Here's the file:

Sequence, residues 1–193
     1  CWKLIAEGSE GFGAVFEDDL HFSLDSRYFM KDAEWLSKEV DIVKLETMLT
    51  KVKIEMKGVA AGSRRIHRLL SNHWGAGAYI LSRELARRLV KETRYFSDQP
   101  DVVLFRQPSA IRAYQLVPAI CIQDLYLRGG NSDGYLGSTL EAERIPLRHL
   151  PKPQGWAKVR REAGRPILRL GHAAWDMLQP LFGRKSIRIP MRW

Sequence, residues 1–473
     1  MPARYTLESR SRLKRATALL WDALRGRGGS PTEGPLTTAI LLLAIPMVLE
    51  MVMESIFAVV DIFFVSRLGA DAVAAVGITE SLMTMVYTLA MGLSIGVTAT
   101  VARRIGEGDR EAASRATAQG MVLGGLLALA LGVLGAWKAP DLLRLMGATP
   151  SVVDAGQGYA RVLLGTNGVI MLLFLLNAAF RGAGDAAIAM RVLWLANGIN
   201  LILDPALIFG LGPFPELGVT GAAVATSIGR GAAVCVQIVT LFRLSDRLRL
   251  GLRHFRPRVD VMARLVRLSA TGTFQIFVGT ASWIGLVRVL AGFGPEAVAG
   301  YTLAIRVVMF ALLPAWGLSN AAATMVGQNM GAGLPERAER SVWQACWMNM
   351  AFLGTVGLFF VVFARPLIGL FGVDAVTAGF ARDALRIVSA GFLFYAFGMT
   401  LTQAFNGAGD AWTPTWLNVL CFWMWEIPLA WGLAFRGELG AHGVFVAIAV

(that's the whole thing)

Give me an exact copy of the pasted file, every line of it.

Sequence, residues 1–193
     1  CWKLIAEGSE GFGAVFEDDL HFSLDSRYFM KDAEWLSKEV DIVKLETMLT
    51  KVKIEMKGVA AGSRRIHRLL SNHWGAGAYI LSRELARRLV KETRYFSDQP
   101  DVVLFRQPSA IRAYQLVPAI CIQDLYLRGG NSDGYLGSTL EAERIPLRHL
   151  PKPQGWAKVR REAGRPILRL GHAAWDMLQP LFGRKSIRIP MRW

Sequence, residues 1–473
     1  MPARYTLESR SRLKRATALL WDALRGRGGS PTEGPLTTAI LLLAIPMVLE
    51  MVMESIFAVV DIFFVSRLGA DAVAAVGITE SLMTMVYTLA MGLSIGVTAT
   101  VARRIGEGDR EAASRATAQG MVLGGLLALA LGVLGAWKAP DLLRLMGATP
   151  SVVDAGQGYA RVLLGTNGVI MLLFLLNAAF RGAGDAAIAM RVLWLANGIN
   201  LILDPALIFG LGPFPELGVT GAAVATSIGR GAAVCVQIVT LFRLSDRLRL
   251  GLRHFRPRVD VMARLVRLSA TGTFQIFVGT ASWIGLVRVL AGFGPEAVAG
   301  YTLAIRVVMF ALLPAWGLSN AAATMVGQNM GAGLPERAER SVWQACWMNM
   351  AFLGTVGLFF VVFARPLIGL FGVDAVTAGF ARDALRIVSA GFLFYAFGMT
   401  LTQAFNGAGD AWTPTWLNVL CFWMWEIPLA WGLAFRGELG AHGVFVAIAV